If you think it's amazing that a lowly bug evolved to do that, it's even more remarkable when you consider the complexity of the mechanism that makes it happen. Inside, it has two different chemicals and a mixing chamber. The chemicals react and get so hot that pressure builds in the chamber, which is then released through the openings on the beetle's abdomen. It can squirt the burning jet up to 20 centimeters.
"Shit! Did I get it in your hair? I promise I wasn't trying to do that."
Lots of animals squirt poison. The bombardier beetle, however, shoots quick-fire pulses like a machine gun -- one that can fire up to 500 times a second. For the sake of context, a top-of-the-line minigun on its fastest setting will fire about 100 times a second. The beetle is able to do all of this thanks to a remarkable system of internal valves that are way more efficient than what us humans have been able to build.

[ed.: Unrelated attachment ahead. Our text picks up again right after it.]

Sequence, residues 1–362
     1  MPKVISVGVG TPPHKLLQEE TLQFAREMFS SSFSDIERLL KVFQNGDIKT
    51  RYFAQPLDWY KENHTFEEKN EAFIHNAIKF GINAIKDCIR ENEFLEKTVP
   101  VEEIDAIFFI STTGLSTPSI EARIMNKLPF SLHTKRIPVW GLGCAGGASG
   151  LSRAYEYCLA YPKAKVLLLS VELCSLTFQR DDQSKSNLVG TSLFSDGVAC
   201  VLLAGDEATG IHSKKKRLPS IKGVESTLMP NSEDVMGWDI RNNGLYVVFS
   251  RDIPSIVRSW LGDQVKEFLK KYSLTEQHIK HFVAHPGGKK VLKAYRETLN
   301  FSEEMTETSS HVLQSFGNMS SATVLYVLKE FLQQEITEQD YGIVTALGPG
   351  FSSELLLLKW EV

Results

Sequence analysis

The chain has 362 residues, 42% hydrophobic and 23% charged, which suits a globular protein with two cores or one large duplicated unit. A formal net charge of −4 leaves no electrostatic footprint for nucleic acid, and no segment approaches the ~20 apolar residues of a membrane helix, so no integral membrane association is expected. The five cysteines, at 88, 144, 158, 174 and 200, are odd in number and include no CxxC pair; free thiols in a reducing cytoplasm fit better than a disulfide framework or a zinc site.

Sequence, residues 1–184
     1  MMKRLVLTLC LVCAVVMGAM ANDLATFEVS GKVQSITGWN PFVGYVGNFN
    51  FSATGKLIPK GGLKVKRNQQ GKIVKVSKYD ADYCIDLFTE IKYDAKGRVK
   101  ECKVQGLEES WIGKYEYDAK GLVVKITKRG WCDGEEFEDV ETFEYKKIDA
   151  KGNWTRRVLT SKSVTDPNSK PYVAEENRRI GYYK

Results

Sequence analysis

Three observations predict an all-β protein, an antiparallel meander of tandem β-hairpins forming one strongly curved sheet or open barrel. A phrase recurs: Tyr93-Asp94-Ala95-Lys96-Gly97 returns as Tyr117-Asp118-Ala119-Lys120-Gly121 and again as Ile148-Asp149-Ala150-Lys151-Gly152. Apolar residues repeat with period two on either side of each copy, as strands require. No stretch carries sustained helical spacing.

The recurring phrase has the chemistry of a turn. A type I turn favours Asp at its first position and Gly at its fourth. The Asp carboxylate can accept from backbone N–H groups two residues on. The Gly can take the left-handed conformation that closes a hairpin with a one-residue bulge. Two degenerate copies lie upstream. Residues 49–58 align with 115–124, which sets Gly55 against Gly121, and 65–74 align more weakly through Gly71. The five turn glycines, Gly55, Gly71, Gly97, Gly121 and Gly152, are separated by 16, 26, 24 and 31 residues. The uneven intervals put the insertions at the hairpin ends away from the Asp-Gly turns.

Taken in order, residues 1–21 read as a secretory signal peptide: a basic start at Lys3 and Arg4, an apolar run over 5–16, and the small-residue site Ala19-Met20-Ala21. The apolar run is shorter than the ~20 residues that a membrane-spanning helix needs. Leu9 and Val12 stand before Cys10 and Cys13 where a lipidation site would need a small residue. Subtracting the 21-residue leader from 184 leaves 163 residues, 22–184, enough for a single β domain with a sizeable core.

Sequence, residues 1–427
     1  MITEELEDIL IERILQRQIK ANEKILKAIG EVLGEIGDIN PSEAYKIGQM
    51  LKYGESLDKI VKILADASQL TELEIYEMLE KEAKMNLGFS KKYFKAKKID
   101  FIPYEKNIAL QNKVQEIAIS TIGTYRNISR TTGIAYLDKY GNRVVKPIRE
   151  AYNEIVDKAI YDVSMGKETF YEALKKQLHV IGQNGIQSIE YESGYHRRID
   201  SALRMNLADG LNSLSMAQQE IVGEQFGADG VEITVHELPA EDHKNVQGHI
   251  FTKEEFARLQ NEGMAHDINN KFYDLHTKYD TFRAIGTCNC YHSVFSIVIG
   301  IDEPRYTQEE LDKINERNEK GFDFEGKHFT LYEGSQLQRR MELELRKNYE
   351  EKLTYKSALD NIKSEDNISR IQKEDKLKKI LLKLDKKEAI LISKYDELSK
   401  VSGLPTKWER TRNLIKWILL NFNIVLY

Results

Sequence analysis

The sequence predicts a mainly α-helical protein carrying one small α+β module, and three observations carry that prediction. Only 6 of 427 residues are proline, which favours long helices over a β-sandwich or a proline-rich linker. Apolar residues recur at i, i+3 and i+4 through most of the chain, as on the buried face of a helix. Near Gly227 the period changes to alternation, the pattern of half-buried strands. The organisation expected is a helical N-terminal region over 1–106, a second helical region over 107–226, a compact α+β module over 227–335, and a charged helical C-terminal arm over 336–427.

How We Can Steal It:
Keep in mind, all sorts of technology requires the misting and mixing of chemicals -- everything from car fuel-injection systems to the nebulizers that asthma sufferers use. Come up with a better misting system and you can change the world.
That's why researchers took the bombardier beetle's design and used it as the model for uMist. It's here that we should point out that, in order to mimic what the beetle is born with, it takes a machine that freaking looks like this: